Why Your Career Might Not Be The Problem


I have been coaching for over 13 years now, and I’ve been working one to one with individuals wanting to change an aspect of their life for around 20 years. I’ve also read A LOT of personal development books, and I’ve had various bouts of therapy and counselling across my adult life, too.

Whilst I don’t pretend to know it all, from these experiences, over the last couple of years, I have started to see a handful of clear patterns emerging when it comes to understanding what us humans do to make ourselves suffer more than we need to.

Sometimes, I have Introductory Sessions with individuals, and it becomes apparent that, actually, it might not be their career that’s the problem after all. When we have embedded thought patterns, beliefs, and expectations that are unhelpful (but difficult to spot from the inside), often, we take these with us wherever we go, which means that, whatever we change externally (e.g. our careers), we still don’t feel any happier. Yet, we wonder why, and continue to keep changing things on the outside, in the hope that we will eventually feel happier on the inside. Not always the case, unfortunately.

In this article, I’ve outlined five of the main habits that seem (to me, anyway) to get in the way of our own happiness. If you can spot any of them in you, then it might be worth asking whether changing career is really going to solve some of the problems that you’re currently facing. It may be wise to turn the focus inwards first, and work on the below to begin with. If your career continues to present issues, then, yes, it may well be your career that's the problem.

1. You look externally for things to make you happy.

Does the following sound familiar? “I’ll be happy when…[I get a new job, a bigger house, a new partner, get married, have children, more money, nicer clothes, etc]” We all do it, to a degree. We can be suffering inside (for a multitude of reasons), yet we look to change things externally in the hope that we somehow feel better internally. Sometimes we do temporarily, but, before we know it, the novelty of the change or shiny new item has worn off, and the difficult feelings start to return. What do we then do? We repeat the cycle in search of that hit of happiness once again.

The solution? Ask yourself deeper questions about where your unhappiness is really stemming from. For most of my clients, changing their career really is the answer, but it’s worth just taking a moment to double check if you’re looking for it to solve deeper internal issues it doesn’t necessarily relate to.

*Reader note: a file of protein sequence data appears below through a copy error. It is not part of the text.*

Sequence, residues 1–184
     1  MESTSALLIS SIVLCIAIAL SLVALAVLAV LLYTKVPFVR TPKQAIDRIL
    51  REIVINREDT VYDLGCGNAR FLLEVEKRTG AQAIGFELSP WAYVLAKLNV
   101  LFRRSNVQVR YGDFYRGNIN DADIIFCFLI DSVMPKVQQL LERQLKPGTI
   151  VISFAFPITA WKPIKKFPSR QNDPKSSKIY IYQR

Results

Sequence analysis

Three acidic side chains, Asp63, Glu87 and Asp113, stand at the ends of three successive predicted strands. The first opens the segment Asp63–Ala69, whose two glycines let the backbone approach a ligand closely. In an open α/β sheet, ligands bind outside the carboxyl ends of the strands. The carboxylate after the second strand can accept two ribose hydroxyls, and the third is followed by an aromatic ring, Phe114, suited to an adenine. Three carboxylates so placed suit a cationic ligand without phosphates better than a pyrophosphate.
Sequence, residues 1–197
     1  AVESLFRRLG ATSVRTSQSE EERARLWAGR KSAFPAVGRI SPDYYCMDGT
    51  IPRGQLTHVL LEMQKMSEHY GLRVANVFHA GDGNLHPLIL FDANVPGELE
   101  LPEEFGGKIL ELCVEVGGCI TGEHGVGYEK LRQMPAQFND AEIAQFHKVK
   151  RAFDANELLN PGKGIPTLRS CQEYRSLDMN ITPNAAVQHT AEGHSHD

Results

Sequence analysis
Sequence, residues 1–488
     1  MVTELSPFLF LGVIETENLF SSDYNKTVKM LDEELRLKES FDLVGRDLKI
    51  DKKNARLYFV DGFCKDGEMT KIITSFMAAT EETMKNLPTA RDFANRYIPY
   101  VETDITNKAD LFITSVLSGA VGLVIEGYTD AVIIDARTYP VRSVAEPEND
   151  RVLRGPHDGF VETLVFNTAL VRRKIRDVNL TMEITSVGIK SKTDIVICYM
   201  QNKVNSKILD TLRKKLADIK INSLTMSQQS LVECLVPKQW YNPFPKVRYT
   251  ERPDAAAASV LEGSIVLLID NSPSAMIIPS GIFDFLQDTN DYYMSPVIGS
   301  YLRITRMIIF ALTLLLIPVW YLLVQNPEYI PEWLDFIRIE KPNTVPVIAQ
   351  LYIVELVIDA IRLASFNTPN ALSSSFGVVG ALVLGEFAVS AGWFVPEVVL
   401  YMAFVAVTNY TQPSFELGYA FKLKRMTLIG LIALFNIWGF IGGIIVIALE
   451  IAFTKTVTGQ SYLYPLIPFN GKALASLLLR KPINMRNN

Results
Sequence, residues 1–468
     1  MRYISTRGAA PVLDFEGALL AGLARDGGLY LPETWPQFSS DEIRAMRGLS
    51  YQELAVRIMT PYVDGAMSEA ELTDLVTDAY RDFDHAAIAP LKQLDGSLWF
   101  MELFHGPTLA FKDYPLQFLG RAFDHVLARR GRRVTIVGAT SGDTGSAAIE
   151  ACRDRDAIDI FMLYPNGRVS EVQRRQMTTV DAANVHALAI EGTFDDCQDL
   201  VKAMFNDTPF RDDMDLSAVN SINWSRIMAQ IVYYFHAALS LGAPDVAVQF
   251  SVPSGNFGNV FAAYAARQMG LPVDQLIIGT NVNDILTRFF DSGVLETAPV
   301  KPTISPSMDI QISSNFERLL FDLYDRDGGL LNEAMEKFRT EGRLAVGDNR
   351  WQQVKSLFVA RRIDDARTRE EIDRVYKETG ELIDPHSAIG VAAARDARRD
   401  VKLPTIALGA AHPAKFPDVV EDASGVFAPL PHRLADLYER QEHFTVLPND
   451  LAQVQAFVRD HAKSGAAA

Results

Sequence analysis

2. You think life should be easy, and question everything when it’s not.

Sometimes I catch myself dreaming of a career change. Over the years, I’ve started to notice that these thoughts come when I’m finding my work hard for some reason. It might be the loneliness of being self-employed, finding a client challenging to work with, or my bank account slowly depleting because it’s a quiet month. Whatever it is, when life is feeling hard, I end up wanting to jack it all in. I’ve since learnt from therapy that my coping style when I’m finding things tough is to want to run a mile and just escape from whatever situation I believe is the issue. However, what I’ve realised is that there really isn’t much point running away from a hard situation, thinking life will be easier elsewhere, because another set of challenges and tough situations will no doubt pop up somewhere else. Before you know it, you’re running all over the place in search of a so-called easy life (which simply doesn't exist), trying to avoid life’s challenges along the way.

The solution? This can be feel harsh, but try to accept that life generally is hard. It’s full of highs and lows - that’s what makes up the experience of being human. We can’t assume that if we change a situation, life will somehow suddenly become a breeze. I’ve met clients, who actually really enjoy their work, contemplating a complete career change, because their current role is incredibly stressful. In this instance, completely changing their career may not be the answer. Perhaps stress management coaching, or burnout therapy may help, along with a change of organisation where the workload is a little less demanding, if their current employer won’t change anything where they are. We don’t always need to throw the baby out with the bath water.

3. You think you have to matter in order to be important.

I hear a fair few clients contemplating a complete career change because, ultimately, they don’t feel seen, appreciated, or recognised in what they do by colleagues or bosses. They don’t feel they matter. They don’t feel important. This is a tough one to unpick. I firmly believe we all matter, we are all valuable, and we are all worthy of existing, whatever those around us think. But, we can get caught up in trying to prove we matter to others. We want things to change so we can feel more important. We want to be somebody. This doesn’t always lead to happiness though, because, often this need is deep rooted in low self-esteem. We secretly believe we don’t matter, that we’re unworthy, and just not good enough. If only we could prove we’re good enough, all our problems would be solved…right?!